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The U.S. Labor Party yesterday accused a former member of Harvard's Afro-American Studies Department of provoking a confrontation that led to the stabbings of seven people at Phillips Brooks House Monday night.
The group said that Hayward Henry, a Harvard lecturer in 1969-70 and currently a lecturer on Humanities at MIT, encouraged a confrontation by leafletting at a forum sponsored by the National Council of Labor Committees (NCLC), an organization affiliated with the Labor Party.
Henry could not be reached for comment yesterday, either at his home or at his MIT office.
The stabbings occurred during the forum when fighting broke out between NCLC members and people identified by the Cambridge Police as members of De Mau Mau, a black Vietnam veterans group. The NCLC has called the forum to present what it claimed was evidence that Imamu Amiri Baraka, the black poet and political leader who is also known as Leroi Jones, was an agent of the Central Intelligence Agency.
The Labor Party contends that Henry wanted to break up the forum because of his allegiance to Baraka. Henry is a former chairman of the Congress of African People, which Baraka founded in 1970, and is currently a member of the group's executive committee.
Merritt said that Henry helped disrupt a previous NCLC meeting held last month at the University of Massachsetts. She said that he joined other protesters who were "standing up, trying to take over the floor, refusing to let anyone else speak, saying they had a gun, threatening people and so on."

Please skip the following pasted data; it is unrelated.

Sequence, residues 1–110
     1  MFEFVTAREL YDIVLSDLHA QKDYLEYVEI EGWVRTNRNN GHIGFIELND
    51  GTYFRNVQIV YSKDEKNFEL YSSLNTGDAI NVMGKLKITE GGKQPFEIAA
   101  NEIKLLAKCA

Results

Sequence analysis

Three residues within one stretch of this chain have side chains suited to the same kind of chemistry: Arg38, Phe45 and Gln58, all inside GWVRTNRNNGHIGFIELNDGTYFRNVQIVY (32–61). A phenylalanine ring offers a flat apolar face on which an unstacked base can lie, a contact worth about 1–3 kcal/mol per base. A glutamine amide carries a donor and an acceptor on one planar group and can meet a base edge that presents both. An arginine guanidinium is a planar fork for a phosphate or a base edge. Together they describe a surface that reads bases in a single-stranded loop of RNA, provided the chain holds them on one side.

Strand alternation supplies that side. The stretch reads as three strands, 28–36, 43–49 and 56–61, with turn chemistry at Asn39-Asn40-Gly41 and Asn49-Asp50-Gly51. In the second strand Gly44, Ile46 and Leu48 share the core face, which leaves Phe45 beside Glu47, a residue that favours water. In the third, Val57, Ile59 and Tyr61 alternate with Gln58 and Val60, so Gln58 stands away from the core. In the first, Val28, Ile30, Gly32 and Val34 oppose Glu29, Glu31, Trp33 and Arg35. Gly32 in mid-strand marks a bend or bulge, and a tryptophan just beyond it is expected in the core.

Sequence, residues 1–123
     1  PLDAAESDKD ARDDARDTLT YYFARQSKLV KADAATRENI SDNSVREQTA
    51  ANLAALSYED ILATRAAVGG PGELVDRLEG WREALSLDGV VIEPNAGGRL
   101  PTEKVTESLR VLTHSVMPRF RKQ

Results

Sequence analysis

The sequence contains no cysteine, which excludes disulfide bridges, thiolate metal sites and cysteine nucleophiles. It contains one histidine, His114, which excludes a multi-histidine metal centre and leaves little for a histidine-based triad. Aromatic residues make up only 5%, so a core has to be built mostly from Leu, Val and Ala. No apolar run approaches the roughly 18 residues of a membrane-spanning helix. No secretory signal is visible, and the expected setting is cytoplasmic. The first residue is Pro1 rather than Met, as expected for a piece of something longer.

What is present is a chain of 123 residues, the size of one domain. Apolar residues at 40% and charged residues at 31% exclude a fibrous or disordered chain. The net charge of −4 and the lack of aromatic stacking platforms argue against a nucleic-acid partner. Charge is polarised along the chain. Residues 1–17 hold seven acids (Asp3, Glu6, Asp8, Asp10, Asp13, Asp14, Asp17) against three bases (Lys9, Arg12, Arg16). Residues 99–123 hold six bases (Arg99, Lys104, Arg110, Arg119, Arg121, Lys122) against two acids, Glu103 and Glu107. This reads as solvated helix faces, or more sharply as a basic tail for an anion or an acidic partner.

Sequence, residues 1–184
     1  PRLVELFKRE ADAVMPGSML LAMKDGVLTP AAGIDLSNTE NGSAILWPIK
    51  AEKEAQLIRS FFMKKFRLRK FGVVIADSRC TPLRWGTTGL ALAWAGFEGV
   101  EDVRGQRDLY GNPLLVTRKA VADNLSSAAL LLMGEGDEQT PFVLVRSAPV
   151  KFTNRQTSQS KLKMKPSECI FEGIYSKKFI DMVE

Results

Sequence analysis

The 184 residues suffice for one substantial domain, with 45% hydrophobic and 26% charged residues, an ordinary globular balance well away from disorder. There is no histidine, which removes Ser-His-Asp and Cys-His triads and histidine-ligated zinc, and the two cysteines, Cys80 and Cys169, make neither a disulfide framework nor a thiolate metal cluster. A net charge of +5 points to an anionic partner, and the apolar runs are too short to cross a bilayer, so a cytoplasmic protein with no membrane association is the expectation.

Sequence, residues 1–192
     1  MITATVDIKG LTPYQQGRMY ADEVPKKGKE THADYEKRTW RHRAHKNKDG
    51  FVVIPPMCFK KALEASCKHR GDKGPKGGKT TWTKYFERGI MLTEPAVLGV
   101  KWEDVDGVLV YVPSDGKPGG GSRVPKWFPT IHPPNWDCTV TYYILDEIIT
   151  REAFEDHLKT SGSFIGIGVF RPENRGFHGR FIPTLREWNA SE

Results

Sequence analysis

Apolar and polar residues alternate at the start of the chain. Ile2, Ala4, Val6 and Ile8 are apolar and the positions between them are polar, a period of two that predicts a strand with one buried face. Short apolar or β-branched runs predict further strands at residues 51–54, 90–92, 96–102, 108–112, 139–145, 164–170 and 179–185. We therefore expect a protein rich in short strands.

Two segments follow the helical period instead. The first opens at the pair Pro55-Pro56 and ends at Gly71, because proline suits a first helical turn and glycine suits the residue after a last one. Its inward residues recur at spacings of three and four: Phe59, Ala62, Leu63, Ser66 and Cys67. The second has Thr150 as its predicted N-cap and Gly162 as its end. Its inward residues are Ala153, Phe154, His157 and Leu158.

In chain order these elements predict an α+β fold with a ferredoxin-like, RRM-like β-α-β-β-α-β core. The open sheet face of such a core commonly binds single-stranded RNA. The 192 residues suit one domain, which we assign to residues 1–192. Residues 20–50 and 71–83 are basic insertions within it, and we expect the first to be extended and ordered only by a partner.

Merritt said that the protest here had followed a similar pattern. One man, Thomas Perry of New York City, is still hospitalized from stab wounds received in the fighting, and another New Yorker, Paul Goldstein, was released from the hospital Wednesday. The other five people stabbed were treated and released Monday night.
Black Caucus Chairman
Henry came to Harvard in 1969, when the Afro-American Studies Department was set up. At that time he was national chairman of the Black Caucus in the Unitarian Universalist Church and held a visiting appointment at MIT.
"He was one of the people brought in on the strong insistence of the students." Azinna Nwafor '64, assistant professor of Afro-American Studies, said yesterday. "He was a very militant black nationalist, one of those who was in favor of trying to exclude white students."
"One wasn't in favor of that," Nwafor added. "That was a time of transition for the department, of course. His courses attracted attention I think more because some students were excluded than on intellectual grounds."
Henry taught Afro-American Studies 22. "Philosophy and Critique of the Black Movement," and Afro-American Studies 21ar, a seminar and practicum on "Dynamics of the Black Community."
"Henry was hired by the same Standing Committee that nominated me." Ewart Guinier '33, chairman of the Afro-American Studies Department, said yesterday," and they arranged for what he would do."
"I had nothing to do with his teaching." Guinier continued. "I didn't hire him and I pass no judgment on his competence." Guinier said he had had no contact with Henry since Henry's departure from Harvard
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